Saturday, October 14, 2006

Meehan Range Fire. A Birders Perspective.

As many Tasmanians would be aware, a major fire on the Eastern Shore of the Derwent River, tore through the Meehan Range on Thursday and into Friday. Many suburbs abutting the range were threatened. The fire, which was
almost certainly deiberately lit, started at Risdon Vale and continued on to Mt. Rumney, driven by gale force Northerlies, and covered a distance of around 12 kilometres. This morning, Saturday, curiosity finally got the better of me, and I entered the Red Gate end of the range to survey the damage. It's a bit hard to convey the feeling of entering an area of bush that you've come to know intimately over 30 odd years, not knowing what you might find. I had feared total destruction. Although I didn't enter the burnt area--the Rural Firefighters are still back burning and controlling the still burning fire--I did get some idea of the destruction. The accompanying shot is about 300 metres into the area and shows smoke rising largely from the Stringy Bark Creek and surrounds. This area, I suspect, has been destroyed.Unfortunately,it's this area that contains much of the breeding habitat of several species that were in the middle of their breeding cycle. Fortunately, the fire, generally speaking, didn't burn through the crowns of the trees and they will quickly recover. Not so for much of the understorey, which had taken nearly 20 years to recover from the last fire. Erosion, caused by fires, aggravated by illegal off road vehicles, and
then occasional heavy rain, has left a very thin soil. The area is in need of some TLC, but unless the general populace take some control, it will continue to be abused by a small minority. Apart from putting up signs, "Parks" largely ignores the area. To be fair, with a ludicrously small number of rangers to cover reserves throughout South East Tasmania, I don't see that changing.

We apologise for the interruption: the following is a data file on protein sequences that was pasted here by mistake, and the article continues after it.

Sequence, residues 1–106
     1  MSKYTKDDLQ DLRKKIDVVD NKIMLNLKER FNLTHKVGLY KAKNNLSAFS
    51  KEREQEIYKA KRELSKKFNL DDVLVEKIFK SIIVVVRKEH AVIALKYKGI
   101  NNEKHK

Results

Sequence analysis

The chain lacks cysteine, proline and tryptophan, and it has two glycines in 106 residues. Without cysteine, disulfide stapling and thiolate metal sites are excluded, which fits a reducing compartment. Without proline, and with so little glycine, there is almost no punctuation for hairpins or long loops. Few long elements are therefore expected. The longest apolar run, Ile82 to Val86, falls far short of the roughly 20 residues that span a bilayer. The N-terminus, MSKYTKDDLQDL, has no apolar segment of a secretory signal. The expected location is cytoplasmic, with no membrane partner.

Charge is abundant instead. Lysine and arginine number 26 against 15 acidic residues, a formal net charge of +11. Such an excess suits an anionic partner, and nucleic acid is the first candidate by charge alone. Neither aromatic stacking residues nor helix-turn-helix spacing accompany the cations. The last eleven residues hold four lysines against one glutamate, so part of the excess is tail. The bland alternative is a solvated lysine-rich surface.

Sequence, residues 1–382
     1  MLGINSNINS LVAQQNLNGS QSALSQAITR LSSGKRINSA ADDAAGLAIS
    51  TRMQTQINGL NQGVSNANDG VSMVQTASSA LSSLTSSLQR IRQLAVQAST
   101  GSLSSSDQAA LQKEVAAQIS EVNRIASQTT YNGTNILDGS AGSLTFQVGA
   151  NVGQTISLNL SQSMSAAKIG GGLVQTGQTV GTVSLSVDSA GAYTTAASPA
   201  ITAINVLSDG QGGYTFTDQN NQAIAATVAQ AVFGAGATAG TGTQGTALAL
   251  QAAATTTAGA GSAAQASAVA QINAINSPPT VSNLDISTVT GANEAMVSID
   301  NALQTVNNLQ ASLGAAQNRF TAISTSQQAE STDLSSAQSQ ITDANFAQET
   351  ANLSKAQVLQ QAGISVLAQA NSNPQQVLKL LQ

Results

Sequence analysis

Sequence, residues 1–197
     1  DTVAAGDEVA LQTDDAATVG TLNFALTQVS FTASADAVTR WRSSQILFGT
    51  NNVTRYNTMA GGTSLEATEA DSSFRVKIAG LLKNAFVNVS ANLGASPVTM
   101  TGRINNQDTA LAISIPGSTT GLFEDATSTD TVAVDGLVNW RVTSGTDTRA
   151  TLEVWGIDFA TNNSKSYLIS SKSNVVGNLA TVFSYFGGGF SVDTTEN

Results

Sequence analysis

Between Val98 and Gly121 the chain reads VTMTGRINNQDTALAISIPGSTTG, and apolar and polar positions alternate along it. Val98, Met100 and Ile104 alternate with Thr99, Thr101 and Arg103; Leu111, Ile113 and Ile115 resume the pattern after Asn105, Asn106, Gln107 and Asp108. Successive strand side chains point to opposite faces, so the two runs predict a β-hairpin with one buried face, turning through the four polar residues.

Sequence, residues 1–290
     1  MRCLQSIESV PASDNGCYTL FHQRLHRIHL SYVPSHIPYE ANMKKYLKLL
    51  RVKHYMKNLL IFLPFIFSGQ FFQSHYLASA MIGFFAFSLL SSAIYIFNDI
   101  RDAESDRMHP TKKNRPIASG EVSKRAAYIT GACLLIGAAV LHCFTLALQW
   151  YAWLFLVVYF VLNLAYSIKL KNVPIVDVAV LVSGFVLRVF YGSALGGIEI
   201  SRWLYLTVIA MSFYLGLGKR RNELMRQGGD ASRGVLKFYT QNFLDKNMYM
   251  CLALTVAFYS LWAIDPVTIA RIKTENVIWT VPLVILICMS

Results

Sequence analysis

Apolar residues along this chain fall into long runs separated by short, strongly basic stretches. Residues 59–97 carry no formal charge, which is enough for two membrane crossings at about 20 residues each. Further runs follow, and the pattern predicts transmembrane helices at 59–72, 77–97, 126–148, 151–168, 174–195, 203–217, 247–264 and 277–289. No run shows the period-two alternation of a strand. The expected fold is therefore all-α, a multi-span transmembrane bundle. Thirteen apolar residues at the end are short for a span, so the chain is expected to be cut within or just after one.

Now for some good news! As I walked towards the fire scene, I was struck by the numbers of birds calling, which considering the thick smoke that covered the area in the last few days, was heartening. Even a few pairs of Brown Thornbills, within 50 metres of the still smouldering bush, were gleaning insects. I did wonder what happens to birds caught in fires. Do they fly off? If they did you might expect an over abundance of birds on the perimeter. Perhaps someone could enlighten me.
Just as a footnote. This morning came the news of a Sorell Fire Unit that had been stolen, crashed and equipment stolen. As if the Rural firefighters hadn't had enough to contend with over the last few days, fighting fires. There are a few in our community that beggar belief!

4 comments:

John Tongue said...

Hi all,
Sad but not unexpected news about a great spot for birding right on Hobart's doorstep. I hope to get out there soon to see just how much was damaged. This is especially so because this was where I'd planned to lead a Birds-Tas outing focussing on bird calls on Nov 11th. Depending on what I find, I may need to choose a different location.

BirdingTas said...

It wasn't as bad as I feared, but I didn't/couldn't get beyond the bridge. Until it's safe to do so, we won't know the full extent of the damage.The 1985 fire left most of the gully intact, and it's in this gully that I've taken many of the shots in the blog, including those of the firetail (last blog).

John Tongue said...

I guess we can still hope and pray!

Denis Charlesworth said...

I was passing the Meehan Range on Show day morning which was about a week after the fire I think, and decided to pop in and have a look. I went in at the first gate on Flagstaff Gully Road and walked into the gully immediately adjacent to this. This area seemed to have suffered less damage with the canopies of the Eucalypts and some lower shrubs only partly singed. I saw 11 bird species in the half hour I was there. Maybe the birds crowd into the relatively undamaged areas after a fire until shortage of food and territorial imperatives cause them to relocate further afield.
The species sighted were:
Grey Shrike-thrush
Tas(?)Thornbill
Forest Raven
Grey Fantail (many)
Black-faced Cuckoo-shrike
Brown Falcon
Yellow-rumped Thornbill
Blue Wren
Silver-eye
Scarlet Robin (imm)
Green Rosella.
It will be interesting to see how the population recovers.